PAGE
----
Chaos in Congress

What the Nagpur speech taught us: Congress doesn’t know how to handle Pranab Mukherjee

The former president did not praise the RSS in his speech, but he is not sticking to the Congress line either.

The most interesting thing about Pranab Mukherjee’s speech at the Rashtriya Swayamsevak Sangh headquarters on Thursday may not be what it says about the former president’s relationship with Hindutva organisations. Instead, the more important effect may be on his ties to the party where he spent the bulk of his 50-year political career: the Indian National Congress.

More than anything else, it was the Congress reaction to Mukherjee’s acceptance of the RSS invitation to speak at the annual concluding ceremony for RSS workers who have undergone a three-year course that added attention to the event. The Congress, particularly under current president Rahul Gandhi, has tried to hyphenate the Bharatiya Janata Party and the RSS and insist that both organisations together are responsible for polarising Indian society. So the sight of Mukherjee, one of the Congress’ most distinguished leaders, accepting an invitation to speak at the organisation, threatened to derail the party’s narrative.

Congress overreaction

Soon after Mukherjee accepted the invitation, the rebukes began to come in. Ramesh Chennithala, a senior Congress leader from Kerala, wrote a letter to the former president saying his decision has “invited unparalleled disgruntlement among the rank and file of the Congress party”. Several others echoed this sentiment, saying they were astonished to hear that Mukherjee had accepted the invite. West Bengal Congress leader Adhir Chowdhury asked whether Mukherjee now believes his own previous comments criticising the RSS were wrong. V Hanumantha Rao, another leader, formally made a request to Mukherjee not to go.

As the date came closer, the pitch got a bit louder. Efforts were made behind closed doors to convince Mukherjee not to go. His own daughter, Sharmishtha Mukherjee, tweeted to say that by going to Nagpur, her father was giving the BJP and the RSS a handle to spread false stories. She said that Mukherjee’s speech will be forgotten, but the visuals will remain.

According to NDTV, former Congress president Sonia Gandhi ordered Ahmed Patel also to rebuke Mukherjee.

And when the event actually started, Rajya Sabha Member of Parliament Anand Sharma tweeted to say that thousands of Congress workers were anguished by the images.

After the speech

When Mukherjee finally spoke, he delivered a sharp defense of India’s pluralism and secularism, and called on the RSS workers to shun violence or hatred. Although he did not directly rebuke the Hindu Right-wing organisation, he did not praise it either, and Mukherjee pointedly mentioned Jawaharlal Nehru, ‘Mahatma’ Mohandas Gandhi and the Constitution, not references that are usually made with praise at RSS events.

Soon after, the tune of the Congress too changed. Sharma, despite having mentioned all that anguish before, now said that there was “never any doubt” about Mukherjee’s strength of character and moral courage. Party spokesperson Randeep Surjewala gave an official statement, saying Mukherjee had “shown the ‘Mirror of Truth’ to the RSS” by reminding them about India’s pluralism, tolerance, secularism and inclusiveness.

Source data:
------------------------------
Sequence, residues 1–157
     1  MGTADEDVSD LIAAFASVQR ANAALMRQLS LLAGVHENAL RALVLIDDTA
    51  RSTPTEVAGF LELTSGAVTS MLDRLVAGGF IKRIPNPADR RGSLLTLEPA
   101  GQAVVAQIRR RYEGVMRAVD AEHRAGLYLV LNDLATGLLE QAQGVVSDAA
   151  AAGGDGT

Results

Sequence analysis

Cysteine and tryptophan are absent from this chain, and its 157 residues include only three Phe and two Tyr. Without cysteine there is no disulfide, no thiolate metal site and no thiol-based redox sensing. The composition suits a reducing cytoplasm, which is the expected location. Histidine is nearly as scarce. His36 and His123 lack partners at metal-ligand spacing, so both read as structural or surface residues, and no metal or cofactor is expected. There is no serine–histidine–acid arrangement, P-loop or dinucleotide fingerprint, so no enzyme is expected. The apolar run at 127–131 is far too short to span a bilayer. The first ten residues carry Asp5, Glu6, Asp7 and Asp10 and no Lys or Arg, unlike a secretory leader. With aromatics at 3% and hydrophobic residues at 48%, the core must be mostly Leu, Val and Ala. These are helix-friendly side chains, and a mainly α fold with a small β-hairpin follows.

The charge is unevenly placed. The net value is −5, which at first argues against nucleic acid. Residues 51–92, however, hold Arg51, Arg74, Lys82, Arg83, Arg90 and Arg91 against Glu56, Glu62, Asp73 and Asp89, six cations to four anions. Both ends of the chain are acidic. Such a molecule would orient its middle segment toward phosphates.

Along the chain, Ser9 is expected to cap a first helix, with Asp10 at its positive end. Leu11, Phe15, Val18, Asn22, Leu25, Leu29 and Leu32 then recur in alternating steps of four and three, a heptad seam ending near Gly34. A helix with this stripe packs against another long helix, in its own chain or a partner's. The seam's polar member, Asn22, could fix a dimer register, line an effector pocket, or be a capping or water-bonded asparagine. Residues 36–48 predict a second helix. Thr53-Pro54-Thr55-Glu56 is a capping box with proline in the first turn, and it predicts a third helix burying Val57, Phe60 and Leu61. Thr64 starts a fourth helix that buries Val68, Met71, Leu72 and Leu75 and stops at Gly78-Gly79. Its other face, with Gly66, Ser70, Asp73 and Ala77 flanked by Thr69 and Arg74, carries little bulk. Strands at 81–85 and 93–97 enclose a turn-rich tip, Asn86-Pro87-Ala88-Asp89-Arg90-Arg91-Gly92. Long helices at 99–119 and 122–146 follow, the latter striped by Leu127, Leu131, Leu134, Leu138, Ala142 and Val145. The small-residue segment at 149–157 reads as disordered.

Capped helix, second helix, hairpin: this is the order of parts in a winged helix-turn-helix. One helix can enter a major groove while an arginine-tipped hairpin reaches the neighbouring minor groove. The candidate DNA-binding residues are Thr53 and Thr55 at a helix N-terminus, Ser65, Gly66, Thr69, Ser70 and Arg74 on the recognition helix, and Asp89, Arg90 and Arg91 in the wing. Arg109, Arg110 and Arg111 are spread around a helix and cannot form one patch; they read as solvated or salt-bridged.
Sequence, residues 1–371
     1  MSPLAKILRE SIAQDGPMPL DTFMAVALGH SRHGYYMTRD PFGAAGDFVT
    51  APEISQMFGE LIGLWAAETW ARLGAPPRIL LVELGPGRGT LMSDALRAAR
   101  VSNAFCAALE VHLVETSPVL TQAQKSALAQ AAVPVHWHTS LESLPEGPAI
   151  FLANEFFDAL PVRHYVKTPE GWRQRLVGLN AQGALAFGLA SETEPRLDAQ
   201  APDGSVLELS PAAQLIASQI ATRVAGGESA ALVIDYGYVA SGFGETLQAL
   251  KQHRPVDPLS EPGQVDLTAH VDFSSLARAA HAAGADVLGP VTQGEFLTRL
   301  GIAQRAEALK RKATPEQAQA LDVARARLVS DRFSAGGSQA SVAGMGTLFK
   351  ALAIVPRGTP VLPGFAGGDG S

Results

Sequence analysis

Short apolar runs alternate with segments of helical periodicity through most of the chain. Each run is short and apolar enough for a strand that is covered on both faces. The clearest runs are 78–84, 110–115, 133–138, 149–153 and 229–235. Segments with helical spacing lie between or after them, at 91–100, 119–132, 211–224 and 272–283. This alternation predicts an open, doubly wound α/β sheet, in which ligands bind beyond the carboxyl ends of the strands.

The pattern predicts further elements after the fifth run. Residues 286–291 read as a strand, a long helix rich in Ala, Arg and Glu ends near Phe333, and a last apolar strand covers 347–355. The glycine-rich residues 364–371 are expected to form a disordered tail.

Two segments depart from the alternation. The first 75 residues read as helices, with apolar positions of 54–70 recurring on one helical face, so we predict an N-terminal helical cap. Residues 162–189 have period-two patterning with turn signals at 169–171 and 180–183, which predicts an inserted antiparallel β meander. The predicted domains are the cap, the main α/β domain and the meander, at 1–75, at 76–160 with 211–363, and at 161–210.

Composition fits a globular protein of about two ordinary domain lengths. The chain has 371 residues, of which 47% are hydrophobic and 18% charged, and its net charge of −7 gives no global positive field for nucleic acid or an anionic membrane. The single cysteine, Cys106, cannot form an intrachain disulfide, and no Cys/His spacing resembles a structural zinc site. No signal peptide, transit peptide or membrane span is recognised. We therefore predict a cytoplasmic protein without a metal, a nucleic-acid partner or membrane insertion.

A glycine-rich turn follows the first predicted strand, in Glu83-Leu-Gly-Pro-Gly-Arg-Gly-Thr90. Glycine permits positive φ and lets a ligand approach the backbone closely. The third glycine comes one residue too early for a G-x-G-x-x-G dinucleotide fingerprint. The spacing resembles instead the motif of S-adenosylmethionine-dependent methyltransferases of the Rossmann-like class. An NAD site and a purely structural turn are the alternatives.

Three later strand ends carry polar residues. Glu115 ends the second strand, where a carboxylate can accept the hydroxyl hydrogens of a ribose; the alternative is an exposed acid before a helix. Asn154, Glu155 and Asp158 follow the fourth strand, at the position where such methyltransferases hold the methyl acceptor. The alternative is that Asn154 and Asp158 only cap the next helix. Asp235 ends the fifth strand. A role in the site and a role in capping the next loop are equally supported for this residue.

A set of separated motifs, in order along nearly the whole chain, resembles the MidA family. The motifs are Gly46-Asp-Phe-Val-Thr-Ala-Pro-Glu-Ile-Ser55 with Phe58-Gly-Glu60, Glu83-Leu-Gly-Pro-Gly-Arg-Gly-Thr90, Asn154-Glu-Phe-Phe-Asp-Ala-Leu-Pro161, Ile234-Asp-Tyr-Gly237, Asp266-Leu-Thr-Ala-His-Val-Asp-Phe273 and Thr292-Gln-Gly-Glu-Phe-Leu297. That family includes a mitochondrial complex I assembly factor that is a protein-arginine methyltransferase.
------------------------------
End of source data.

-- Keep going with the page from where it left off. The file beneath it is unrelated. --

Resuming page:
“Let the RSS and BJP publically commit today to change its character, orientation, thought process and path and accept the sagacious advise of their guest, Shri Pranab Mukherjee today,” Surjewala’s statement said.

Independent Pranab

So which was it? Was the Congress rank and file still disgruntled and anguished by Mukherjee’s appearance? Or were they proud of his decision to go to RSS headquarters and defend India’s pluralism? Does the fact that Sharma had to say “there was never any doubt” suggest there had indeed been doubt that was eventually assuaged?

The Congress may have breathed a sign of relief after Mukherjee’s speech did not in any way endorse the RSS worldview – other than a guestbook comment at the house of RSS founder KB Hedgewar that called him a “great son of Mother India”. But the sequence of events alone suggests that Mukherjee is operating on his own, without consulting the Congress leadership. As historian Ramachandra Guha put it, by accepting the invitation, Mukherjee was not crossing a Congress lakshman rekha because Gandhi and Nehru had in the past appeared at or spoken to RSS leaders. Instead, he was crossing a red line of the current Gandhi family, which wants the RSS to be the villain of its electoral campaign.

As Thursday’s speech made evident, Mukherjee may not be pandering to any Hindutva sentiments, despite murmurs in the past that he shared some of their opinions, but what is certain is that he will not be toeing the Congress line. As some have speculated, that might permit Mukherjee to play a political role in the event that elections next year do not throw up a definitive result.

But how will the Congress handle one of its stalwarts, the man who was denied the prime ministership but elected to be president, striking it out on his own?

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